Prospectors Arthur Bayley and William Ford had success prospecting at Queensland's Croyden goldfield, later they worked at the Southern Cross mines. Bayley and Ford decided to follow the track established by Charles Hunt in the 1860s. On their journey they collected over 500 ounces of alluvial gold. They were not the first to discover gold in the region, but they were the first to survive - near their find were two skeletons and evidence of earlier claim pegs.
Bayley had hoped to claim the Government's 5000 Pound reward for finding a goldfield within 300 miles of a port. Unfortunately the land was judged to be within the Yilgarn district, which included the rich finds of Southern Cross. However the potential of the new find generated a lot of excitement. So much so that Yilgarn magistrate and mining warden JM Finnerty, relocated his office to the new goldfield. Finnerty asked a local Aboriginal man for the name of the area, and he wrote the reply as Coolgardie.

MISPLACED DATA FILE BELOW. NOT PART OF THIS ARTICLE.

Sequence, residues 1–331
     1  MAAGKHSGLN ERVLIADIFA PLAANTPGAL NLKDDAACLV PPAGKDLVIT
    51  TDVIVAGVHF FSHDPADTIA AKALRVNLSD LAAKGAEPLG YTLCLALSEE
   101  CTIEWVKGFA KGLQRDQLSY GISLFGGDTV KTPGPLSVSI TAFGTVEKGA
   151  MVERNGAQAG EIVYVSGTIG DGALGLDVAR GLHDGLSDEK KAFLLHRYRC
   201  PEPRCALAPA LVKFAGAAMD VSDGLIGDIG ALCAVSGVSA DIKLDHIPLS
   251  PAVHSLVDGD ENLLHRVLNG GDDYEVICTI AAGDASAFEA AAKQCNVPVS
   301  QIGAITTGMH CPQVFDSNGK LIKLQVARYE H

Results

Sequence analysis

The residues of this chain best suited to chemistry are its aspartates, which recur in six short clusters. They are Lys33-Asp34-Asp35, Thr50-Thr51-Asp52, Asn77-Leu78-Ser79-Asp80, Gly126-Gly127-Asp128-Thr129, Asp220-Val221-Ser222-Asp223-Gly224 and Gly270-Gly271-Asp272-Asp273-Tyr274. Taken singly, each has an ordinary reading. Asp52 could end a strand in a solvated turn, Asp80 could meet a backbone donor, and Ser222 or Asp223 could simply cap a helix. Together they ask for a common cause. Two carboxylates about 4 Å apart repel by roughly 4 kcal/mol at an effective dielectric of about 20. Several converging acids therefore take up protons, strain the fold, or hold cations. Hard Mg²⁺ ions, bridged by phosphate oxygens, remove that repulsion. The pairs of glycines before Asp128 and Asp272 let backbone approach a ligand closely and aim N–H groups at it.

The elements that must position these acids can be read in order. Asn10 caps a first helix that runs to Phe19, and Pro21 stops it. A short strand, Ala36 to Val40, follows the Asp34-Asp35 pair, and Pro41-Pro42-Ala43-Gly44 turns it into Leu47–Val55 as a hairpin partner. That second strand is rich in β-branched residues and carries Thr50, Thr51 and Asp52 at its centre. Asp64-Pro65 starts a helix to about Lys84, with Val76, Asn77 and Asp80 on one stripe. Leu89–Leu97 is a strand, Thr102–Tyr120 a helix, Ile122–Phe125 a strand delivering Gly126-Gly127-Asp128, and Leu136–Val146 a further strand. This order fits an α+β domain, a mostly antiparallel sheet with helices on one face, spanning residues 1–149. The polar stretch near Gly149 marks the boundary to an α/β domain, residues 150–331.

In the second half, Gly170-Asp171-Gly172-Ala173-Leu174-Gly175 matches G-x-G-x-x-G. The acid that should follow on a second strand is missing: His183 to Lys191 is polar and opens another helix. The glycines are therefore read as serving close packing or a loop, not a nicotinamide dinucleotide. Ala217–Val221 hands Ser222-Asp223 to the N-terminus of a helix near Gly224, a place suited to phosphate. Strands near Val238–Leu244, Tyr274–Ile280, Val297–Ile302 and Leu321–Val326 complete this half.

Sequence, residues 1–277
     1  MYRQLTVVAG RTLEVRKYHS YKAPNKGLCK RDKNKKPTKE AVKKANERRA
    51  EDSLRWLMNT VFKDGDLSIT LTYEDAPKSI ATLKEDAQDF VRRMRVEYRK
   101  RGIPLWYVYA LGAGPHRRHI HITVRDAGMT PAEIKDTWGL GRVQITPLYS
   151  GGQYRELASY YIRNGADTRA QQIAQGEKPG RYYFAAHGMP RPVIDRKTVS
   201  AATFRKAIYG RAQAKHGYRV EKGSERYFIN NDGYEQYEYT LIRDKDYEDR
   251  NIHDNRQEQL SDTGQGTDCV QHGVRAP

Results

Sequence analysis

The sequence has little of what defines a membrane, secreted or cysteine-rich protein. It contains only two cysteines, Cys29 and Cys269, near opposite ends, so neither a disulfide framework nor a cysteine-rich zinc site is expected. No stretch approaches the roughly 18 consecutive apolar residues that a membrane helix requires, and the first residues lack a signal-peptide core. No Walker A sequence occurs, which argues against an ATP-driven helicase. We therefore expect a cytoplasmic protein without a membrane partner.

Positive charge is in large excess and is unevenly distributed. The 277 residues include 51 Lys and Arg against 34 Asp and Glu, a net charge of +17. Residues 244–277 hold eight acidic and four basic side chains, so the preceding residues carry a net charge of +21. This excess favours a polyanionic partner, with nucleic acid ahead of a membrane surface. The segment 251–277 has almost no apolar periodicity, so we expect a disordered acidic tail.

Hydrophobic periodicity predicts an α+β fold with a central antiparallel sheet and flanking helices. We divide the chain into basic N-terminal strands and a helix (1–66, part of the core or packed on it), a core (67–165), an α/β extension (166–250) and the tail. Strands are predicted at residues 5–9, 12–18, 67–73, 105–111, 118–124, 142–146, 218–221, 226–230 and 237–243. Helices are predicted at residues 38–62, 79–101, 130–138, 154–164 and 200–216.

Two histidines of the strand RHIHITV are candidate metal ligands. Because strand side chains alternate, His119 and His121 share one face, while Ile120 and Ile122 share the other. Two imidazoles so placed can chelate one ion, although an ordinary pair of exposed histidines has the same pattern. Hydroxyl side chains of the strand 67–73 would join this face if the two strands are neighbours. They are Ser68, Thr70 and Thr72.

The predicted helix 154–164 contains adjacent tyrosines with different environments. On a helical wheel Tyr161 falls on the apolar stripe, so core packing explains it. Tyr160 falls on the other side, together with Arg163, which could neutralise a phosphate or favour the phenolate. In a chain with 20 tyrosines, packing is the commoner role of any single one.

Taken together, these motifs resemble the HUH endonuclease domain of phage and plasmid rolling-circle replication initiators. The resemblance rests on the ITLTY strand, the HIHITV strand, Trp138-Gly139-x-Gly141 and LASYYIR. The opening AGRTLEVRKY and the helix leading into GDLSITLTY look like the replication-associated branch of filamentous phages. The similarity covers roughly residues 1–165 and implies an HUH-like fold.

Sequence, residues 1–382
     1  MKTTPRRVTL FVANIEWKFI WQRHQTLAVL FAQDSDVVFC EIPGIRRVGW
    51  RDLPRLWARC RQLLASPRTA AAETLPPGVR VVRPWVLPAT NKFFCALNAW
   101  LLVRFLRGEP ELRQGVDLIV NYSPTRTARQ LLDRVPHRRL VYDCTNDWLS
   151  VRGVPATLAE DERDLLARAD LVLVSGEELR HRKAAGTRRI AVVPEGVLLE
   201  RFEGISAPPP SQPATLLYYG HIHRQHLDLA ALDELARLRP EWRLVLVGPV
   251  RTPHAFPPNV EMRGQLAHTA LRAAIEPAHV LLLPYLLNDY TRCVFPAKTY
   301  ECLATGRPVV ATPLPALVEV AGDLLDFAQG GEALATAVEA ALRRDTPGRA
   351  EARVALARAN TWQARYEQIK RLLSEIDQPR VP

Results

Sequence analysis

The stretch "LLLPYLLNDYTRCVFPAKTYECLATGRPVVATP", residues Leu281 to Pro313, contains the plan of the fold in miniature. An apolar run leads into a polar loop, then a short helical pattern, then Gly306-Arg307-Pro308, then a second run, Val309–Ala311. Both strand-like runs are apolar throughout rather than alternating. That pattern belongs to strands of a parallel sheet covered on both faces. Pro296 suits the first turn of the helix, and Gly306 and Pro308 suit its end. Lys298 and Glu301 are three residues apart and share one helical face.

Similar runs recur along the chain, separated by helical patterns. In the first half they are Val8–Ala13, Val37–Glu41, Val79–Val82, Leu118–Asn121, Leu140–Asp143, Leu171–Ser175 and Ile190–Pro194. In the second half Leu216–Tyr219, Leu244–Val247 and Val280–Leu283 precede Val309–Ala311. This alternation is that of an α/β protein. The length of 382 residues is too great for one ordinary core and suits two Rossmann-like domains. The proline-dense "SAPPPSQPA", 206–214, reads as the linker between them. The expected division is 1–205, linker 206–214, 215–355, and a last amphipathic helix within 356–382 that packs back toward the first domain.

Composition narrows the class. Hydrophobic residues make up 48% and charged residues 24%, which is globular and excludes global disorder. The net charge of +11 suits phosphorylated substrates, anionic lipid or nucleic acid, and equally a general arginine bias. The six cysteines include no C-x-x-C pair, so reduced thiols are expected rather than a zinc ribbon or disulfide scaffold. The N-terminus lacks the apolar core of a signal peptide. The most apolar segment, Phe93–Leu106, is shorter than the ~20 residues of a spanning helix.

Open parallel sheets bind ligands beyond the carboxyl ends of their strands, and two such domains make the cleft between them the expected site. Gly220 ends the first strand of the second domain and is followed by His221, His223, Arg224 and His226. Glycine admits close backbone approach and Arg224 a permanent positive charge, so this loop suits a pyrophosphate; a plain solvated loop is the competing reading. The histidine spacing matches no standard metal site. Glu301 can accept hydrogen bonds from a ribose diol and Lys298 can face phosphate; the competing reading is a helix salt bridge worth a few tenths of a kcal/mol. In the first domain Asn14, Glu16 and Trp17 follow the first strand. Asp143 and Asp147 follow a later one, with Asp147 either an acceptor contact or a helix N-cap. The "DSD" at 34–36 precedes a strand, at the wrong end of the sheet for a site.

The town of Coolgardie was founded in 1882. Life in the early years was extremely harsh, prospectors had to cope with water shortages as well as outbreaks of typhoid, scurvy and dysentery. Miners devised a way to store perishable food: using an empty kerosene tin with the sides cut out then covered in hessian (for protection from flies), dripping water from a tray on top soaked the hessian which created a cooling effect. This innovation was called a Coolgardie Safe.
At the turn of the century the makeshift humpies of the original mine site were replaced with more solid structures, and Coolgardie became the third largest town in Western Australia with a population of over 16,000. The residence of Warden JM Finnerty, built in 1895, symbolises the rapid development - less than two years before the warden's office was a corrugated iron shed.
Distance from Perth (km): 558